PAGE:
Finally, it is important to note that Jesse himself was but one member of the Six Nations of the Grand River community, and but one member of the extended Moses family at Six Nations, who supported Allied efforts in the two World Wars and Korea. Others continue the military service tradition today. The story of each merits a re-telling in its own right.

John Moses

 

Selections from Jesse Moses’s letters to Olive Hill, while he was stationed in England, July 1941-July 1943.1

England, July 2, 1941.

This letter is coming from somewhere in England, and I mean somewhere, because if they turned me loose, I wouldn’t know which way to go to get out. This is our third day in England, that is since we landed. We have been in two countries though, England and Scotland.…Most likely you have read about these old castles. We passed about six of them on our train ride from Scotland to England. One we passed, they say was over five hundred years old. I wish you could see the trains they have over here. The boys got a kick out of them because they are so small. One fellow went so far as to say the toy train his father bought him was as big. Boy, you ought to see them go. They are off in a cloud of dust….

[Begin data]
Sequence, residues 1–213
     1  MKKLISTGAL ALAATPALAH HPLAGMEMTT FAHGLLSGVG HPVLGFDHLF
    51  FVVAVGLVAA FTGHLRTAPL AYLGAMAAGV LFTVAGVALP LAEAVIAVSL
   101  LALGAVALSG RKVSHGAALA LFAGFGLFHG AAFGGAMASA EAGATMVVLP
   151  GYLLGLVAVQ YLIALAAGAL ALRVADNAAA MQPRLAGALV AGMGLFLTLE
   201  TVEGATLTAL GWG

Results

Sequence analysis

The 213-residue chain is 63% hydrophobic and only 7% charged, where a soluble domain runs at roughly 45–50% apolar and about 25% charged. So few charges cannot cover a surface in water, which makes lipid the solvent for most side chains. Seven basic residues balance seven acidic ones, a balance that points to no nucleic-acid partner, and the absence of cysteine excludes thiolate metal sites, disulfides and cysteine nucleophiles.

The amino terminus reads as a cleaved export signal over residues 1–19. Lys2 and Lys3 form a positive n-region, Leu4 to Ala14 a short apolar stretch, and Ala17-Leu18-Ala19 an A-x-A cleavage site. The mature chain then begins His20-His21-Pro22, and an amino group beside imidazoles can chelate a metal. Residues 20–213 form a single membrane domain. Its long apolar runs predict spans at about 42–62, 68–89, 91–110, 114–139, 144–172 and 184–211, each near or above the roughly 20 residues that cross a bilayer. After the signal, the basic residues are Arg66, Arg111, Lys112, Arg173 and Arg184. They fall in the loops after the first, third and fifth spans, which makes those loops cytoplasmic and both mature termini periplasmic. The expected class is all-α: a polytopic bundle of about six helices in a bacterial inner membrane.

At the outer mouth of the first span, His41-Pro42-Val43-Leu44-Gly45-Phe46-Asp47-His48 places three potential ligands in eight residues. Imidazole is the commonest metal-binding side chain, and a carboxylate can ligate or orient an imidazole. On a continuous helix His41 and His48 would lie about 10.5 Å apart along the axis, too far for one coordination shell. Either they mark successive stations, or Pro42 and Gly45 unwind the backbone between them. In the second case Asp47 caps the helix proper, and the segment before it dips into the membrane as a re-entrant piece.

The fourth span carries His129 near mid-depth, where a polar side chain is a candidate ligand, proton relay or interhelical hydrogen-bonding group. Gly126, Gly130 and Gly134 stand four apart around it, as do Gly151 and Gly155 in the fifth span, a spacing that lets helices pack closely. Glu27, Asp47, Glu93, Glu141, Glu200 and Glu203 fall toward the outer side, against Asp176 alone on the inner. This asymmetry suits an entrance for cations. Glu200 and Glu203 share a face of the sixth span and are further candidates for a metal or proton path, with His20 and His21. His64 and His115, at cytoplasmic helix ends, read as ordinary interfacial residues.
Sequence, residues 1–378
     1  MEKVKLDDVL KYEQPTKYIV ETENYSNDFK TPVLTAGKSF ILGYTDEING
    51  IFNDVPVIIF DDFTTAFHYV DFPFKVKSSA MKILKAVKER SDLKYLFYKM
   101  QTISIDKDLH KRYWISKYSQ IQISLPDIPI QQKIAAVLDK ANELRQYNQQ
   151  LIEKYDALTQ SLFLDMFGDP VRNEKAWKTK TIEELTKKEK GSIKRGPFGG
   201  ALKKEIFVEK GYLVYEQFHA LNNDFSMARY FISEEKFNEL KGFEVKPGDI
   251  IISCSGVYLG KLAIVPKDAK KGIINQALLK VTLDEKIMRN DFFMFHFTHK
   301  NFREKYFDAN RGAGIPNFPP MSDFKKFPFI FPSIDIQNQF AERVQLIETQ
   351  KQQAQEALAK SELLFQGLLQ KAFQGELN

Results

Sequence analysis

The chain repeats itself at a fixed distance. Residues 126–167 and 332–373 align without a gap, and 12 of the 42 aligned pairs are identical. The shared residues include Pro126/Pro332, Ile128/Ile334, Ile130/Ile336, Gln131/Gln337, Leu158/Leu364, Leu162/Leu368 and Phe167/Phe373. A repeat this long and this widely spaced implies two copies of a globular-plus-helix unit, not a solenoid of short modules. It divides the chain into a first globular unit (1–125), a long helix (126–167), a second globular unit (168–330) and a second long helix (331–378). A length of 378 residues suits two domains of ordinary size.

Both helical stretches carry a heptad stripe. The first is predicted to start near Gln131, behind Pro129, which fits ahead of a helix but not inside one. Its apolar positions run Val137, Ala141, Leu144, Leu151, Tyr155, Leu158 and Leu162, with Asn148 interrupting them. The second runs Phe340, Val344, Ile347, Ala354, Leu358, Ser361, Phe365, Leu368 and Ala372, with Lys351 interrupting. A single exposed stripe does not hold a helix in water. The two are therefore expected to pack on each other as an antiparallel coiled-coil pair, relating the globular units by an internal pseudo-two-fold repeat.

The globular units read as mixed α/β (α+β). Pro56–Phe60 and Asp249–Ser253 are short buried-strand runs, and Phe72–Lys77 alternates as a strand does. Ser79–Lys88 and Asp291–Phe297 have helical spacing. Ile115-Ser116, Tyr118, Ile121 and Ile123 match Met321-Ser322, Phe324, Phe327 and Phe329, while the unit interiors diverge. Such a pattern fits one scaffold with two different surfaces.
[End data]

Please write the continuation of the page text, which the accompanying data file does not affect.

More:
August 14, 1941

I have been all over the camp trying to borrow a pen, but was unable to get one. They have some here in the canteen, but they scratch like the dickens. This day is the first fair day we have had since last week. Boy, is it ever a pleasure to feel the sunshine once in a while.

We received mail yesterday. You don’t know how a guy really feels when he gets a letter from home. There is nothing like it to keep a guy’s spirits up.